Tourism The Double-Edged Sword

Tourism The Double-Edged Sword - Jonathan Gold Professor S...

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Jonathan Gold Due: 11/2/06 Professor S. Gmelch First Rough Draft Tourism: The Double-Edged Sword In this country and around the world, photography has played an important part in preserving natural areas ranging from small city parks to our grandest national parks. There is, however, another sharp edge on this sword of conservation. In truth, the attributes of tourism have changed rapidly during the twentieth century. Today, it is virtually impossible even to avoid the effect that the tourism industry has on the world. A national park is, in more cases than not, a wildly ambivalent act of collective purpose: dreamy yet provident, selfish yet sacrificial, local yet global in significance. Unlike a national anthem or a national flag, a national park exists in the concrete dimensions of geography, biology, and economics—and in the dimension of symbolism as well. It has living denizens and physical boundaries. It has benefits and costs. It has friends, and sometimes it has enemies. It has an aura of sacred permanence as a place that society has chosen to set aside and protect forevermore. The continental United States is embraced by two great oceans, and is extraordinarily varied. High mountain ranges such as the Rockies and the Appalachians, deep valleys, rolling hills, spacious plains, many lakes, streams and wetlands, mighty rivers such as the Mississippi and Colorado, volcanic oceanic islands and a saltwater coastline some 96,000 miles long. Its many different climates and soils support a rich and very diverse wildlife. In recent geographic times, ice sheets have advanced and retreated over this vast area, and land bridges to Europe and Asia have formed and been submerged again, allowing frequent migration and the mingling of species of many different origins. The United States contains some of the world’s largest pristine wilderness areas, and some of the most dramatic scenery.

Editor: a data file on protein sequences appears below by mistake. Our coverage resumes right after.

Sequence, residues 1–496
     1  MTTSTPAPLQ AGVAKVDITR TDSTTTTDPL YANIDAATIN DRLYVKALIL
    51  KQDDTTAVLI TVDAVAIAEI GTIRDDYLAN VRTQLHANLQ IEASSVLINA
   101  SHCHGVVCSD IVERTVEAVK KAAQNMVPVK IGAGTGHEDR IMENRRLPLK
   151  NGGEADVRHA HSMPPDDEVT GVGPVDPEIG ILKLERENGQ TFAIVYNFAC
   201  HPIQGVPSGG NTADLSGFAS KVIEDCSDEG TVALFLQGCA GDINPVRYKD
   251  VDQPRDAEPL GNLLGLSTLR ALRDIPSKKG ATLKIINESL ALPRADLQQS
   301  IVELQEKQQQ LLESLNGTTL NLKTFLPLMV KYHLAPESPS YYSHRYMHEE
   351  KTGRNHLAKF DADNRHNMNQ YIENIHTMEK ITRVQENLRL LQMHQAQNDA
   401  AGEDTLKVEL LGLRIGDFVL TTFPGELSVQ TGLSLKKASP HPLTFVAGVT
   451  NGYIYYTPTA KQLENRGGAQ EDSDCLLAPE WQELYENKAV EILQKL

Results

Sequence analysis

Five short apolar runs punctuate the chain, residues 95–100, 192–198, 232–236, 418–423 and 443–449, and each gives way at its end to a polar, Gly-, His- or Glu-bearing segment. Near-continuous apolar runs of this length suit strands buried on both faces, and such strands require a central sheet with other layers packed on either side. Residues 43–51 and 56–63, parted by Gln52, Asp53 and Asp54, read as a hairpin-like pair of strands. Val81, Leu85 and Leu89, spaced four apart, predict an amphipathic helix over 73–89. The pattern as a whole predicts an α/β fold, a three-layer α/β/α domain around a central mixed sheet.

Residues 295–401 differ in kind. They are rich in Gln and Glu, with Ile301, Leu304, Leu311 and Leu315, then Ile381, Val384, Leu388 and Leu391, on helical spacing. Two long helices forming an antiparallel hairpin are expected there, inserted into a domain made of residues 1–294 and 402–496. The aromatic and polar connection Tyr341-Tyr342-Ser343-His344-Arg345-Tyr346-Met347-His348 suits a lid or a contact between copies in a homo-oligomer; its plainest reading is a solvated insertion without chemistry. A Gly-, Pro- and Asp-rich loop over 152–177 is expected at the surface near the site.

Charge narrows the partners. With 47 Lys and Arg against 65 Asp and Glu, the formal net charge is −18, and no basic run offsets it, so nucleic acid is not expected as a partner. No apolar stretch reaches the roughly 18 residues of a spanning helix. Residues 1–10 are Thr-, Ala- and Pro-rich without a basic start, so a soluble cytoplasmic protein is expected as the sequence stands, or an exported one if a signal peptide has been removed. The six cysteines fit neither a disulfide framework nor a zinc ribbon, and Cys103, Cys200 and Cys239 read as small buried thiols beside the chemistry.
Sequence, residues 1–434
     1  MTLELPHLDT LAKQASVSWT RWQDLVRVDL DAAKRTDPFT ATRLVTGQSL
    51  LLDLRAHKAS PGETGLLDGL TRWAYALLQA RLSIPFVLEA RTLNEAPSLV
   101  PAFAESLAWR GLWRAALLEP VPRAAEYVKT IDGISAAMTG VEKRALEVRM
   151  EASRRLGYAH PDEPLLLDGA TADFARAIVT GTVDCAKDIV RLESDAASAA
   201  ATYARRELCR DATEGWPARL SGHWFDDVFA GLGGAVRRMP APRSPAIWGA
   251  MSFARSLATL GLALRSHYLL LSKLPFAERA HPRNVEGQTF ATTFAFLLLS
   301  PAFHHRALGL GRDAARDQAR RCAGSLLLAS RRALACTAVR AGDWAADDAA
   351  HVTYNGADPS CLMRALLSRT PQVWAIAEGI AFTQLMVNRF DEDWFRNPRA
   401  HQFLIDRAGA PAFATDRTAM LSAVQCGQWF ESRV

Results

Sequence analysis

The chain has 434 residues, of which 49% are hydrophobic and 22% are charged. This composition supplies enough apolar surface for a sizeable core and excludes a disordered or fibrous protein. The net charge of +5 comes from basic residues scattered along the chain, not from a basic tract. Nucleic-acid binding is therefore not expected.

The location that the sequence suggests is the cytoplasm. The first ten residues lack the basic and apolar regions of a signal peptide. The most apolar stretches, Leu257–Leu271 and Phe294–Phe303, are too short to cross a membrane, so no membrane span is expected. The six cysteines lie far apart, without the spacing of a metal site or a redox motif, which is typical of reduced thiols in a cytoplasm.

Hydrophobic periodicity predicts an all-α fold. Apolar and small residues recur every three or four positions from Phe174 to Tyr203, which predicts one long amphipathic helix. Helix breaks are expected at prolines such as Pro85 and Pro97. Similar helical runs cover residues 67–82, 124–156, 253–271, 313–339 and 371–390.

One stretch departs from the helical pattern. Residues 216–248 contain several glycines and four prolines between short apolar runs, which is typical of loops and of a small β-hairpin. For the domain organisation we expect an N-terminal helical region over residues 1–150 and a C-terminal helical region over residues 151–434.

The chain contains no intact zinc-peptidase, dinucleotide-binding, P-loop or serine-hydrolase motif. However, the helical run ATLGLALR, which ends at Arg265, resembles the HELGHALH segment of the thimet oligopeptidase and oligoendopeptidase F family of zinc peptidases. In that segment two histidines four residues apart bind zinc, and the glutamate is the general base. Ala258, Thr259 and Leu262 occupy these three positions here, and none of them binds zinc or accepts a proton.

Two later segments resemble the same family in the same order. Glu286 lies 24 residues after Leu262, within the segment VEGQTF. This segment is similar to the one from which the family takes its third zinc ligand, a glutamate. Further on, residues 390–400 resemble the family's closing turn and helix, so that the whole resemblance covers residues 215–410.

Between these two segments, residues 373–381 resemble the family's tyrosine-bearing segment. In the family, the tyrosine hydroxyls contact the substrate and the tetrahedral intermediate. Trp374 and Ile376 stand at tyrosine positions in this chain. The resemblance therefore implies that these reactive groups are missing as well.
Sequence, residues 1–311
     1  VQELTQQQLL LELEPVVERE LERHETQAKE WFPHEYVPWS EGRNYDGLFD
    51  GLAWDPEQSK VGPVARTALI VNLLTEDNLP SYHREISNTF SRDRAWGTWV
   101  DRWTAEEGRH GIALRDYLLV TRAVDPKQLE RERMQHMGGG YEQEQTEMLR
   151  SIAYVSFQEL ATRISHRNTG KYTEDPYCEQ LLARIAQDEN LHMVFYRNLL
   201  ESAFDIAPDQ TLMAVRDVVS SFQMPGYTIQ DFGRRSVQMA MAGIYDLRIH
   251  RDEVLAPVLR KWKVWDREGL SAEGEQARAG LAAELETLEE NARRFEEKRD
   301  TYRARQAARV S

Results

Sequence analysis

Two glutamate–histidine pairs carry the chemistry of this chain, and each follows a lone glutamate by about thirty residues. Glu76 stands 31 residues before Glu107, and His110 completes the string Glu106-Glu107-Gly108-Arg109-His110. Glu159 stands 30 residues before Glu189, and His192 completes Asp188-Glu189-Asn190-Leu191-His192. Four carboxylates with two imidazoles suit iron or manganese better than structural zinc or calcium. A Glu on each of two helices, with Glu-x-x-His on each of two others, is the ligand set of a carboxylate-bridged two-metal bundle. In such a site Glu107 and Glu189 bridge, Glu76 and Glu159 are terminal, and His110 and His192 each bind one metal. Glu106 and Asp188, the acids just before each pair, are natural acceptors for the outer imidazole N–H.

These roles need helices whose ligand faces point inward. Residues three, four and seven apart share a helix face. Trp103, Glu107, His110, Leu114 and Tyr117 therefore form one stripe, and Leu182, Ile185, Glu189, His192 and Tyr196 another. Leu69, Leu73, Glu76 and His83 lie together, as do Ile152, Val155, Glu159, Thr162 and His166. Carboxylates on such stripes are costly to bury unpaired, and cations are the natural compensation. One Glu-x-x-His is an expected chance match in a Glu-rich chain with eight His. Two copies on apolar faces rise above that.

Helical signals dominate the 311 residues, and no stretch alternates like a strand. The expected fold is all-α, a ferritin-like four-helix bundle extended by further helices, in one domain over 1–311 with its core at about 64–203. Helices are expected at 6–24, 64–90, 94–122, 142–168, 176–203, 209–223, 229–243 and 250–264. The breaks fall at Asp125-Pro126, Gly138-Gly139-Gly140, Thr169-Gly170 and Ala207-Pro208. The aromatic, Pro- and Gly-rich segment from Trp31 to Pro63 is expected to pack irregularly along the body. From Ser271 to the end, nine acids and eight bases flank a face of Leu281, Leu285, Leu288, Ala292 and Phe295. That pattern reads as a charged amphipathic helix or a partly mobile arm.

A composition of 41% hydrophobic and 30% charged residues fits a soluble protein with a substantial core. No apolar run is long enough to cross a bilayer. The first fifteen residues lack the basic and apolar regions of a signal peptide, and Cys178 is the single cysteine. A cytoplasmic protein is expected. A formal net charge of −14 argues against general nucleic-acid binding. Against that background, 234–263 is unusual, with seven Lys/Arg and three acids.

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There is a common sense concept that human impact on parks and protected areas is inherently negative. This flows from the observation that when humans enter protected area parks, they change the system that occurs in their absence. This naturally leads to the conclusion that all human activities in parks are interfering and damaging. This concept is shallow. It does not recognize that it is human action that leads to the creation of a park, and it is ongoing human activity that establishes a management regime that protects the ecological and cultural values of a park. In the absence of the legal actions of creation and management, the landscapes would be used for some other activity. The creation and management of a park is a political action. It
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Tourism The Double-Edged Sword - Jonathan Gold Professor S...

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